As the war continues, more and more horrific stories of pain and suffering emerge R”l, but there are also stories of Yidden in Eretz Yisroel who are becoming stronger and prouder. These people gathered the strength, during such a difficult time, to make real changes in their lives.
By Rabbi Mordechai Lipskier – The Beis Medrash
When Reb Meir Shapiro started making plans to build his famous yeshiva in Lublin, someone doubted him for taking on this impossible task. Reb Meir quoted a passuk in this week’s sedra where Hashem took Avraham Avinu outside and said: “Please look heavenward and count the stars, if you are able to. That is how [many] your descendant will be.”
The simple meaning is that the Yidden will be as many as the stars, but Reb Meir interpreted it this way: Counting the stars is an impossible task. Your children will take on impossible tasks for Me, and they’ll succeed.
Our very existence is an impossibility according to nature, and yet we are here. And there are times when our impossible strength surfaces and shines more brightly than ever.
Now is such a time.
As the war continues, more and more horrific stories of pain and suffering emerge R”l, but there are also stories of Yidden in Eretz Yisroel who are becoming stronger and prouder.
People who grew up knowing nothing about Yiddishkeit have now begun keeping Shabbos, putting on tefillin or dressing more modestly. People who once knew little of Hashem and His Torah now openly display the highest level of emunah and bitachon. Those who misunderstood frumeh Yidden for years now admire them and go out of their way to help them.
These people gathered the strength, during such a difficult time, to make real changes in their lives.
Where do I stand?
I am lucky to have been raised in a frum, chassidishe home and attend a cheder. I grew up keeping Shabbos and donning tefillin since my bar mitzvah and I take for granted my belief in Hashem. Nonetheless, I am humbled by these Yidden and inspired to take a sharper look at myself and make real improvements in my Yiddishkeit.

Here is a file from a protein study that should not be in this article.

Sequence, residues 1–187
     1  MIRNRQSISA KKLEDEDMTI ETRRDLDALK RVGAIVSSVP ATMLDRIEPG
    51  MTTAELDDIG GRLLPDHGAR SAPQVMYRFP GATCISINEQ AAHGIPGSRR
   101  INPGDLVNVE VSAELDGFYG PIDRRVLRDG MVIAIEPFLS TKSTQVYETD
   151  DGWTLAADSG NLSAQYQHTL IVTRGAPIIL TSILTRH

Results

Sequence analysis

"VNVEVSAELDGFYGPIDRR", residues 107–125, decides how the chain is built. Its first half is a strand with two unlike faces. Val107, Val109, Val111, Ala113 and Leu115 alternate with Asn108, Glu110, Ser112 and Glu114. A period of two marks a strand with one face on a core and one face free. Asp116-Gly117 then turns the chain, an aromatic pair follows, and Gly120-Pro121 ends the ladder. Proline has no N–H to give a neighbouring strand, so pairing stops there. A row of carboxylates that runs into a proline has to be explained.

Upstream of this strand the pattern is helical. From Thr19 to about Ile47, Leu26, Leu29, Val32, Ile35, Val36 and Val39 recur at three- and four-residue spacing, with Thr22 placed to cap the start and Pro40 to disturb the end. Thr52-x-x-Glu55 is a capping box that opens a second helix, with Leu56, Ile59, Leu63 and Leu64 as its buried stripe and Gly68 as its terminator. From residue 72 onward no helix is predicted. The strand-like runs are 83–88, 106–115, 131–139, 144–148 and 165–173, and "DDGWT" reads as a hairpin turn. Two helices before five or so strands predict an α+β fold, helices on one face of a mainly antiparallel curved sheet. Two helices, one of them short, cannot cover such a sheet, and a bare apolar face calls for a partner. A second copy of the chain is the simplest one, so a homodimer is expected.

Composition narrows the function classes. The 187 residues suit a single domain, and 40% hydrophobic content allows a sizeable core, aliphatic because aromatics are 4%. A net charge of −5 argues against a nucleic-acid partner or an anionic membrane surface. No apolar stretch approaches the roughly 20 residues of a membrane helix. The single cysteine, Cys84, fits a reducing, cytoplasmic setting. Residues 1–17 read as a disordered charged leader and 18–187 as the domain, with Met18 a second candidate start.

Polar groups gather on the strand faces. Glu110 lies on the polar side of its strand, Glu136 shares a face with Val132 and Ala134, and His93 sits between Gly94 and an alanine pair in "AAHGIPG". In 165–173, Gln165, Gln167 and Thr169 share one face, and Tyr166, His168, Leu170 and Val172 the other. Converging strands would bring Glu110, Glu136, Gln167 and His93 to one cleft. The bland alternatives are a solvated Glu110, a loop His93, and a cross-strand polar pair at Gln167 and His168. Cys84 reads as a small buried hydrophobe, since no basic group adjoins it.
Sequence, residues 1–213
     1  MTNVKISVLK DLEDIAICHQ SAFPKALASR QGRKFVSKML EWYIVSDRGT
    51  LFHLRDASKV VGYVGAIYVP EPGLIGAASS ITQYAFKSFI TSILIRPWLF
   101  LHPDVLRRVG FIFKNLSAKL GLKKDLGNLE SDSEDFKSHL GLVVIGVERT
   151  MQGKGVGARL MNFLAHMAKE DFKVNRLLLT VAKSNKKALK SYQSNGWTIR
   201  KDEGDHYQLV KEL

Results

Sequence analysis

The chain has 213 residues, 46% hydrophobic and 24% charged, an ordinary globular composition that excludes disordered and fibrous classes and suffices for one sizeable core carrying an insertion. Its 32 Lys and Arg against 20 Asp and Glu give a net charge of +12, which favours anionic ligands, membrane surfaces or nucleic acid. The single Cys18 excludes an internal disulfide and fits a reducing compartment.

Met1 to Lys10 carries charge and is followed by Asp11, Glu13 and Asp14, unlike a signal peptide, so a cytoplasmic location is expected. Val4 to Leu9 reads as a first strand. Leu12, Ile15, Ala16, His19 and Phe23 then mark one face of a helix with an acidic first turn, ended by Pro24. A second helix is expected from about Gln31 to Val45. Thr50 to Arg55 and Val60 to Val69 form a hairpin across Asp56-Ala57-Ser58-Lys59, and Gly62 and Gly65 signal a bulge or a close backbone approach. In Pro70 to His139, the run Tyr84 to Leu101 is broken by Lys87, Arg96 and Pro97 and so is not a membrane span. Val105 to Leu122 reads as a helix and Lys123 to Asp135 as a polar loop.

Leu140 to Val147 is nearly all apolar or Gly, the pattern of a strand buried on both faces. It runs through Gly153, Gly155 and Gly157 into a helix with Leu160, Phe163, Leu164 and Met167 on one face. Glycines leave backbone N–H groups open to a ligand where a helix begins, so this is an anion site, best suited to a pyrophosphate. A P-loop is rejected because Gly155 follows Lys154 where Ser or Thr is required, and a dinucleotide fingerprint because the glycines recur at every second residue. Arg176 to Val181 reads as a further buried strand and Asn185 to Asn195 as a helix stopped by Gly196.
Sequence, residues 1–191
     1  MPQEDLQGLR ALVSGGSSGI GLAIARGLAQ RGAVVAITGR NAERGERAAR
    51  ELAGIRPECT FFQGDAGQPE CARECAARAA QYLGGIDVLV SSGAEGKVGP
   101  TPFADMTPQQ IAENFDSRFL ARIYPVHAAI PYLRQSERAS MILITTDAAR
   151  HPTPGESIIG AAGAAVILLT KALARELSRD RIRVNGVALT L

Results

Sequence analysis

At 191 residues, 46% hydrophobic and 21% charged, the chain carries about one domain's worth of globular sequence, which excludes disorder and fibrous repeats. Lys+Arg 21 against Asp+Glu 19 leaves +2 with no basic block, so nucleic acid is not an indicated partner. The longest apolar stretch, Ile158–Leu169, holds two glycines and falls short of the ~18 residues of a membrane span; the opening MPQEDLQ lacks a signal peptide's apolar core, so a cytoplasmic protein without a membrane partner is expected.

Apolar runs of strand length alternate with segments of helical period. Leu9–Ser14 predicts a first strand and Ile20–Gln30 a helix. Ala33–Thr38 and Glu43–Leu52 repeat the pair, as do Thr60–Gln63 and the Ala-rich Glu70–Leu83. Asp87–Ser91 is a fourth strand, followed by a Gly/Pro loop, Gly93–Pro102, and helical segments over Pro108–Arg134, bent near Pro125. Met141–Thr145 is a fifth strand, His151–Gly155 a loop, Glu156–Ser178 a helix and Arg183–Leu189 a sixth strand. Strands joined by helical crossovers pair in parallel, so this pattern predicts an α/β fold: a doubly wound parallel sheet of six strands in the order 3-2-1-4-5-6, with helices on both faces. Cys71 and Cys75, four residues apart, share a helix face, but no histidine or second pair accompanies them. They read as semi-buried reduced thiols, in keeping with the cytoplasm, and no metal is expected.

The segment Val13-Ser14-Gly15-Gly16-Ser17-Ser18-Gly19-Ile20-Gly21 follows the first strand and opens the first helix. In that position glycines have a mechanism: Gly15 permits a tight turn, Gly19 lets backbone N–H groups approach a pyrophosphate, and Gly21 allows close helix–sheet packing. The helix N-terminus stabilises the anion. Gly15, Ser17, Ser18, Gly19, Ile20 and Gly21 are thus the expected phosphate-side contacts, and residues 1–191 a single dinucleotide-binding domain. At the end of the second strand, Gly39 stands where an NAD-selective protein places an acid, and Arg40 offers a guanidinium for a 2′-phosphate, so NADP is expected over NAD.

If they can resolve to close their business on Shabbos, I can decide to stop talking narishkeit or money matters on Shabbos. I can commit to having more kavanah when I’m wearing tefillin. Or, to go out of my comfort zone and offer a fellow Yid to don tefillin. I can work on strengthening my emunah and bitachon in Hashem and to learning more of His Torah. And I can go out of my way to love a fellow Yid and make amends where necessary.
The Baal Shem Tov says that Yidden are compared to the stars because, like stars, they look small from afar, but are so much larger up close. Just a few weeks ago, these neshamos may not have seemed to be shining so brightly. But that’s just because their essence was far away. Today, we can see their pinteleh Yid up close, and it’s shining brilliantly. It is guiding us all.
As the Rebbe writes:
“Yidden are likened to stars that sparkle in the heavens. Thanks to their light, even a person walking in the darkness of night will not err. Every Yid, man or woman, has the moral and spiritual power to become a source of influence for his friends and associates, and to situate them in a ray of light.”
The Frierdiker Rebbe writes  that just as stars seem small and inconsequential when situated alone in the vast night sky yet shine brightly when clustered in a galaxy, Yidden, too, shine much brighter when gathered in unity. When Yidden encourage each other to improve in matters of Torah and mitzvos, we become a force to be reckoned with.
Hashem’s promise to Avraham Avinu was that our galus will eventually end and we’ll have the ultimate end to all pain and suffering with the coming of Moshiach. We are witnessing the promise of the stars being fulfilled; now may Hashem complete His promise by bringing Moshiach now.
 Baal Shem Tov Al HaTorah
 Hayom Yom, the 5th of Cheshvan
 Igros Kodesh vol 14 pg. 9
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